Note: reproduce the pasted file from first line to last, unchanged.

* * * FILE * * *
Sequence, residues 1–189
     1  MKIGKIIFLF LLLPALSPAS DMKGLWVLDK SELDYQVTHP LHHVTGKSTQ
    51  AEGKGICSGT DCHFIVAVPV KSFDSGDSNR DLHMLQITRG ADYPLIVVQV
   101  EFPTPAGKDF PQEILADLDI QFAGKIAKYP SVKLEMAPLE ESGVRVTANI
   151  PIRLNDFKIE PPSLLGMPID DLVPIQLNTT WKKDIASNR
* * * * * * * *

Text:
Sequence, residues 1–189
     1  MKIGKIIFLF LLLPALSPAS DMKGLWVLDK SELDYQVTHP LHHVTGKSTQ
    51  AEGKGICSGT DCHFIVAVPV KSFDSGDSNR DLHMLQITRG ADYPLIVVQV
   101  EFPTPAGKDF PQEILADLDI QFAGKIAKYP SVKLEMAPLE ESGVRVTANI
   151  PIRLNDFKIE PPSLLGMPID DLVPIQLNTT WKKDIASNR